(From the National Interest)
By John McBeth
Last Sunday’s incident north of Indonesia’s Natuna Islands, in which two armed Chinese coastguard ships forced an Indonesian patrol craft to release an intruding Chinese trawler, shows once again that Jakarta must confront the reality of an overlap between its 200-mile economic zone and China’s “historic” nine-dash line of maritime sovereignty that penetrates deep into the South China Sea.
Indonesia may not be a claimant to the disputed Spratly Islands, but the incident is the first real test of President Joko Widodo’s ambition of turning the country into a maritime power, a policy that necessarily means asserting sovereignty over its vast sea boundaries.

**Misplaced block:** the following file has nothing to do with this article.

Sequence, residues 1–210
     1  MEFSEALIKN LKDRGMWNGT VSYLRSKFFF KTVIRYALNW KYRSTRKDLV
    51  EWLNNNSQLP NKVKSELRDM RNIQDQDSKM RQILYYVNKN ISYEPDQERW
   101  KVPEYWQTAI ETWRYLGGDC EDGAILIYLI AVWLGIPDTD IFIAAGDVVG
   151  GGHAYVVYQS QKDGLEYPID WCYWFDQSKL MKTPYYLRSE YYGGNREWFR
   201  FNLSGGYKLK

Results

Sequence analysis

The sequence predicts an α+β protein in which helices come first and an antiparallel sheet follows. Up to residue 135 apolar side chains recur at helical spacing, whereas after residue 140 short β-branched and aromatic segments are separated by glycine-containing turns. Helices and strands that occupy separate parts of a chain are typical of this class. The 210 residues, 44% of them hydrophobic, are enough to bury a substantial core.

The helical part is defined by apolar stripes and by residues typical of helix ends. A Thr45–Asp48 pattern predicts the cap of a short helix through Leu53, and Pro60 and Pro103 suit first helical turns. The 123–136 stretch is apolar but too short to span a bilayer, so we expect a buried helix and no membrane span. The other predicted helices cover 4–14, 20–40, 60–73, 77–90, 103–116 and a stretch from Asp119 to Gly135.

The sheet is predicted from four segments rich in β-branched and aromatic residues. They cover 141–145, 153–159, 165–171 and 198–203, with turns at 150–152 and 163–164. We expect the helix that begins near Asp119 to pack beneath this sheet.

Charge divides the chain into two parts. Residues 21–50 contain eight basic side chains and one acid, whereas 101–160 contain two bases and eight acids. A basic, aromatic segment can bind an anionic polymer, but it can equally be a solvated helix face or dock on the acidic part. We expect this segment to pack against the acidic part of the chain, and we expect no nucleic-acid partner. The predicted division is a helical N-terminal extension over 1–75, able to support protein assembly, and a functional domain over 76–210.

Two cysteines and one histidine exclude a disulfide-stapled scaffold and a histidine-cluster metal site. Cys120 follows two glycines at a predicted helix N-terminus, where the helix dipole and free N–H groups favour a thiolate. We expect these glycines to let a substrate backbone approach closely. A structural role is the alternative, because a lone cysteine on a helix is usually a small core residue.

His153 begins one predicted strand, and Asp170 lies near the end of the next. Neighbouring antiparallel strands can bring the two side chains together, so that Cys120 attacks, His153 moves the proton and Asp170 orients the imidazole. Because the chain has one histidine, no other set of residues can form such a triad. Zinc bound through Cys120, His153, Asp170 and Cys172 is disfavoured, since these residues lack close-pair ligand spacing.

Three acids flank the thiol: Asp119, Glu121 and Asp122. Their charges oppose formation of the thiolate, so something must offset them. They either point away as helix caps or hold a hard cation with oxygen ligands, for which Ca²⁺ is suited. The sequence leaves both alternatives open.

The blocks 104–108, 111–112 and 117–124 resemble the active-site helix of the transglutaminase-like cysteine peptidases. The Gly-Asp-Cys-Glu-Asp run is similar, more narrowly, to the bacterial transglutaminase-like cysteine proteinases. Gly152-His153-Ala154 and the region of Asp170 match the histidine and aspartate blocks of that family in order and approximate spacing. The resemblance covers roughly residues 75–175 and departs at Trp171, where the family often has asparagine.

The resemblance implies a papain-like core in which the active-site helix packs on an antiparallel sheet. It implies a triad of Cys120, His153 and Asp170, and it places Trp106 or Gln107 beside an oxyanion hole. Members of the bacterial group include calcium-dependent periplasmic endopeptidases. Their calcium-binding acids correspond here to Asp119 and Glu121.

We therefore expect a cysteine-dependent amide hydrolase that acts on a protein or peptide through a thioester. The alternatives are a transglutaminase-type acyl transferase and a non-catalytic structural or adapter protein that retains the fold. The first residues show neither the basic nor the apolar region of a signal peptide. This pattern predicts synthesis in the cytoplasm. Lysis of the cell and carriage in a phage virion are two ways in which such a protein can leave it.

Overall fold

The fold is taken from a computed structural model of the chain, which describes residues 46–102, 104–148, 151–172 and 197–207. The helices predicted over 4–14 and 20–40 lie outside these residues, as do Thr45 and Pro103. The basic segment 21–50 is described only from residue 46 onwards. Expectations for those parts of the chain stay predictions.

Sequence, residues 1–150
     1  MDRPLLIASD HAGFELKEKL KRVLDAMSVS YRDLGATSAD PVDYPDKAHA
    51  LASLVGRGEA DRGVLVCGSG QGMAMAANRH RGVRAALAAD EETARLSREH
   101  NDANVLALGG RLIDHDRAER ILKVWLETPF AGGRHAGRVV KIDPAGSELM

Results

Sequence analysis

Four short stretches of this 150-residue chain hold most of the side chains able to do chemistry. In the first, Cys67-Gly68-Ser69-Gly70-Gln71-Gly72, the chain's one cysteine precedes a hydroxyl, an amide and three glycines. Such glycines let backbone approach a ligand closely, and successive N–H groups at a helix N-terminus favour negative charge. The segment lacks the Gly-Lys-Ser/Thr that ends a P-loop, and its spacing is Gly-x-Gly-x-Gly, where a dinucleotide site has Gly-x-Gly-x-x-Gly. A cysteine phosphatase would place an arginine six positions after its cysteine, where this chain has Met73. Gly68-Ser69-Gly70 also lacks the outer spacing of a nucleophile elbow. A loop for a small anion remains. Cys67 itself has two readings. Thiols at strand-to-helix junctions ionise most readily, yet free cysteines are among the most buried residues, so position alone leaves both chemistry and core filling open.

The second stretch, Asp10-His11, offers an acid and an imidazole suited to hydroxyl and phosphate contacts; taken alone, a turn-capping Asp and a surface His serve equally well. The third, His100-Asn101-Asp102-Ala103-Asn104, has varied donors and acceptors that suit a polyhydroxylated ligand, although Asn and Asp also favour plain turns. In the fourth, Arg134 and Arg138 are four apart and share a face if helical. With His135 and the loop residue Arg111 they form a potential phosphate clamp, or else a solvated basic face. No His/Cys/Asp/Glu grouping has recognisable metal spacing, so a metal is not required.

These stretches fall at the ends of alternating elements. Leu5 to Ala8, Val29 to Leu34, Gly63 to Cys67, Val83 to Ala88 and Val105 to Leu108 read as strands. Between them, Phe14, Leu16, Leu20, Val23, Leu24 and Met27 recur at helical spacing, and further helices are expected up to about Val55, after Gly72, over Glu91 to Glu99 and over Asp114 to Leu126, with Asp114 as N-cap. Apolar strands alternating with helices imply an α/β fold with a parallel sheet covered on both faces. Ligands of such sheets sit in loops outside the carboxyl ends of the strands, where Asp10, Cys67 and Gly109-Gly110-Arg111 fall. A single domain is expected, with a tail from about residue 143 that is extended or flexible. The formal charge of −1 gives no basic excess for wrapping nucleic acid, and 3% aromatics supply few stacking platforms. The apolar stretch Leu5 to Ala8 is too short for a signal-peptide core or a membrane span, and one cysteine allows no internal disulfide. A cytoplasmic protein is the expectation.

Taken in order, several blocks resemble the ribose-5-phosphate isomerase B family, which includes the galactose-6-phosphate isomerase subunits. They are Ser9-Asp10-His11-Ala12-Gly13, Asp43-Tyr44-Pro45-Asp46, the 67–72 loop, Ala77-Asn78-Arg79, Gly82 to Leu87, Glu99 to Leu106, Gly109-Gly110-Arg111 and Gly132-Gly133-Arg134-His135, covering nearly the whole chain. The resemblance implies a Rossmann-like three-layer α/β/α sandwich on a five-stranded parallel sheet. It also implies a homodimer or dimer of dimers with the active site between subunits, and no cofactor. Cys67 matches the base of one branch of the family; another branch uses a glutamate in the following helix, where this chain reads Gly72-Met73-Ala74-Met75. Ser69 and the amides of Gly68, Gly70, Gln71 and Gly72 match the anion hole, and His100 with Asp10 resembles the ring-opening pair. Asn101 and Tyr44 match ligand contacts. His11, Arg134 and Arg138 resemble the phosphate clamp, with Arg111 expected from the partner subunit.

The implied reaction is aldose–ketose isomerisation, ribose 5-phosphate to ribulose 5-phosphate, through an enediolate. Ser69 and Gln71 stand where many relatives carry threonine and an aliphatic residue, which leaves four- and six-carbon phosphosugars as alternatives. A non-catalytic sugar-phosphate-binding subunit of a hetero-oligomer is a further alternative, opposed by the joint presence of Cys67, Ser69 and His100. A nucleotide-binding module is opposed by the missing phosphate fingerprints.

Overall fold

Although it has strongly supported efforts to create a Code of Conduct to head off the danger of open conflict, Indonesia’s approach up to now has seemed strangely adrift at a time when superpower rivalry in the region is heating up.
Former president Susilo Bambang Yudhoyono turned a blind eye to three incidents, two in 2010 and one in 2013, in which Chinese gunboats forced Indonesian fisheries protection craft to release Chinese poachers caught fishing in Natuna waters. Read more